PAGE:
Tell us a little about how you do your research. How much time do you spend? What type of sources do you look for?
Nonfiction requires digging, and like my colleagues I dig through scientific journals, online sources, books, magazines, and newspapers. I also interview scientists conducting amazing research, and if I’m lucky I take a field trip to visit their labs. For Sea Otter Heroes, I spent a day on Brent’s research boat enjoying the sun on my face and the crisp ocean breeze, watching pelicans dive and sea otters crack open crabs with a rock. There are definitely worse jobs!
Why is back matter useful for readers?
As a researcher, I love back matter because it contains all sorts of gems. But for kids, I hope it extends the reading experience. When a novel or a fictional series ends, we have to say good-bye to beloved characters, but nonfiction science back matter lays more research, more videos, and more books within a child’s reach and encourages continued inquiry—the basis of all science.
Anything that you are working on that you would care to share? Other books that we can look for from you soon?
Photographer Annie Crawley (from Plastic, Ahoy!) and I team up again for Zoo Scientists to the Rescue (Millbrook Press, Fall 2017). We had a great time with this book, traveling to three different zoos, getting up close and personal with the animals, and fighting a fierce Colorado blizzard. The book features three endangered species—orangutans, black-footed ferrets, and black rhinos—and shows how zoos protect them and their wild habitats. Annie and I are excited to introduce our readers to the three scientists that we interviewed. The two women and one man are amazing role models for kids.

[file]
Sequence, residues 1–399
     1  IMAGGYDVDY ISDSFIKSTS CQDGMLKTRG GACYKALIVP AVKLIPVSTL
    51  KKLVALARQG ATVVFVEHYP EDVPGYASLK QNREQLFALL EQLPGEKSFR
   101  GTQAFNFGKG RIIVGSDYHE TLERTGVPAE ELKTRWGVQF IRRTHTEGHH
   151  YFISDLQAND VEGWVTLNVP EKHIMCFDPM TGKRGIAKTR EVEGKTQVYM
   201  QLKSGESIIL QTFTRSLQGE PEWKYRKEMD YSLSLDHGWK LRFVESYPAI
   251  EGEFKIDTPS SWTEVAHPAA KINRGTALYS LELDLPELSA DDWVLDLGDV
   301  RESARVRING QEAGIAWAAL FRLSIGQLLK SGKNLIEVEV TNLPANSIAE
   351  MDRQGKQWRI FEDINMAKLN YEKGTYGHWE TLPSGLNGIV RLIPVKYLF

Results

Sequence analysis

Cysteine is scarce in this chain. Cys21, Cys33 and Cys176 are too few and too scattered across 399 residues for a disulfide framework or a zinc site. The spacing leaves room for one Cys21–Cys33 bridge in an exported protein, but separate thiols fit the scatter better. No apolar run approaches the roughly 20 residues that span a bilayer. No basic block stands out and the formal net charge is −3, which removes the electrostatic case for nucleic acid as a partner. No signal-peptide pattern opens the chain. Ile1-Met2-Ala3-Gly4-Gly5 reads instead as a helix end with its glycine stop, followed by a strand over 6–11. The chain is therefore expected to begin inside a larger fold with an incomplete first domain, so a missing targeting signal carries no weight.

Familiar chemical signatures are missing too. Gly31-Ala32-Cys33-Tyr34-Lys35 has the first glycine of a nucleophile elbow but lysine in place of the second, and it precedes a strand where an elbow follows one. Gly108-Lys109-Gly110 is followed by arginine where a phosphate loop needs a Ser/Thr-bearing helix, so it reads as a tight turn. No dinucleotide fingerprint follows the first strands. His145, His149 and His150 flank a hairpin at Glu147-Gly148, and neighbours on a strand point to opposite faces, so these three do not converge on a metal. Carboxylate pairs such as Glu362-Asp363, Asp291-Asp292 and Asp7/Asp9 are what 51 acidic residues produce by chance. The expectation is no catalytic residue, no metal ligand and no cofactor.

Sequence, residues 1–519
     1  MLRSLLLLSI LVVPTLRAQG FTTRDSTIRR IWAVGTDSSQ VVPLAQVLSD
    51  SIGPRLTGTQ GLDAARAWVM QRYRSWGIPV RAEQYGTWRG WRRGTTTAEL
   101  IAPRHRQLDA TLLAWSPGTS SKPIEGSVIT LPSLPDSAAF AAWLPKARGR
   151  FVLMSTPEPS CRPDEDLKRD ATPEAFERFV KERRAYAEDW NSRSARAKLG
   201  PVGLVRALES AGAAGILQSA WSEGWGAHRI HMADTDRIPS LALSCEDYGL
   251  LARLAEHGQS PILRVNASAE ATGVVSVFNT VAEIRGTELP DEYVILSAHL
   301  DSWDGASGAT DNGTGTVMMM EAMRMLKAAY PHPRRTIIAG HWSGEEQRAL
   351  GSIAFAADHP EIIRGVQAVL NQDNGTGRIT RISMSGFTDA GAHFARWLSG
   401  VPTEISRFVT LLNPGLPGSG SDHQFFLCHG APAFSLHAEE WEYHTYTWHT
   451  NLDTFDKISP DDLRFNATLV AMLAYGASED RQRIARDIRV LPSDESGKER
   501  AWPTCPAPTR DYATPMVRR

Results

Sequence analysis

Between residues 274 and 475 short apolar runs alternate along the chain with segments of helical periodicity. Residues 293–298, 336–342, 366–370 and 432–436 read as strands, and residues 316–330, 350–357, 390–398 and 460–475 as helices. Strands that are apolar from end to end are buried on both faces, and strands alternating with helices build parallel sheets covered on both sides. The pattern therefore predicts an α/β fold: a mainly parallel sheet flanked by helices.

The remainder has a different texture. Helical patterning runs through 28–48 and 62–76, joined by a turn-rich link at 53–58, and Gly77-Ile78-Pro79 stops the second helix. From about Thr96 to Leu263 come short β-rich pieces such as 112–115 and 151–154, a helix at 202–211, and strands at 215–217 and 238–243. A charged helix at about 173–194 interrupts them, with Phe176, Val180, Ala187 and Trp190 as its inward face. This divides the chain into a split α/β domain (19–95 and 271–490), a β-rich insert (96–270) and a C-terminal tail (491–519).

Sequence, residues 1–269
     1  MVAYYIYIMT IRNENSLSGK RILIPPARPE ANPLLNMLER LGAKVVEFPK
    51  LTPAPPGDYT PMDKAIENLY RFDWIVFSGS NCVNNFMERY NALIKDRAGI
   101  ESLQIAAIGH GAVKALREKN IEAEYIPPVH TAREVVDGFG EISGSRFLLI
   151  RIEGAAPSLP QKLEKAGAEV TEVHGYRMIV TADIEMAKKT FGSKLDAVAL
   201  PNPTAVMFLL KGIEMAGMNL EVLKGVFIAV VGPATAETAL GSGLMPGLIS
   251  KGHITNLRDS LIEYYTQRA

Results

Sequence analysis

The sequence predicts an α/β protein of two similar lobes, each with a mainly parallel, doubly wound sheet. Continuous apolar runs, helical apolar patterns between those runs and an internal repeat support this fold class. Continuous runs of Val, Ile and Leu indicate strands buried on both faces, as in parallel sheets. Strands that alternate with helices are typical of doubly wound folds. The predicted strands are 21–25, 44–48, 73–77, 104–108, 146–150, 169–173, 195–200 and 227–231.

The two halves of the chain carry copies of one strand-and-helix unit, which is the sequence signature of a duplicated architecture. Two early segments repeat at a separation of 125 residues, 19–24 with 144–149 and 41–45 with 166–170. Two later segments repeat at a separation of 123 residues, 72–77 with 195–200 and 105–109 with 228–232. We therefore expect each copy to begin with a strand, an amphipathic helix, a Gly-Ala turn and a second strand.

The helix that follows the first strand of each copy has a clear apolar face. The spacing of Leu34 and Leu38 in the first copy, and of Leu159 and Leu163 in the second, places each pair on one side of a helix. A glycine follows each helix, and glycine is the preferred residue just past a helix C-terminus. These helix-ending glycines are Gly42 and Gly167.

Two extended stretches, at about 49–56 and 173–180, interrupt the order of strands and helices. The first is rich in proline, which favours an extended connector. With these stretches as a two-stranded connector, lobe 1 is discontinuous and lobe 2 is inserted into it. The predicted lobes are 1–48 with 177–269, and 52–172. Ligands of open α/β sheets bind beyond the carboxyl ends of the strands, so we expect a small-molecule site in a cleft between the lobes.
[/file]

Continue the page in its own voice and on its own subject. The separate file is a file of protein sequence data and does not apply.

For fall 2018, think elephants.
Do you do school and/or Skype visits? Why do you think these are helpful to students?
I visit schools in person or virtually every year. Author visits motivate kids to apply themselves to reading and writing. We introduce them to a variety of literature—some of which is bound to pique their interest. Authors also show kids what real revision looks like and that writing takes perseverance. I tell students that writing is the hardest job I’ve ever had, but even in the face of rejection I refuse to give up on myself. What child who shares a piece of writing with me or asks about writer’s block or struggles to put ideas on paper wouldn’t benefit from believing in him/herself?
If you want to learn more about Patricia’s books or just drop her a line, you can find her on Twitter @PatriciaNewman or visit her website at http://www.patriciamnewman.com/ to check out some of her other amazing science books:
It’s Time for a Giveaway!! Patricia’s publisher, Millbrook Press/Lerner, has generously donated a copy of her Sea Otter Heroes book. For a chance to win, leave a comment below about your favorite animal!
Jennifer Swanson is an award-winning author of over 25+ science books for kids. Visit her at her favorite place to explore the world around her www.JenniferSwansonBooks.com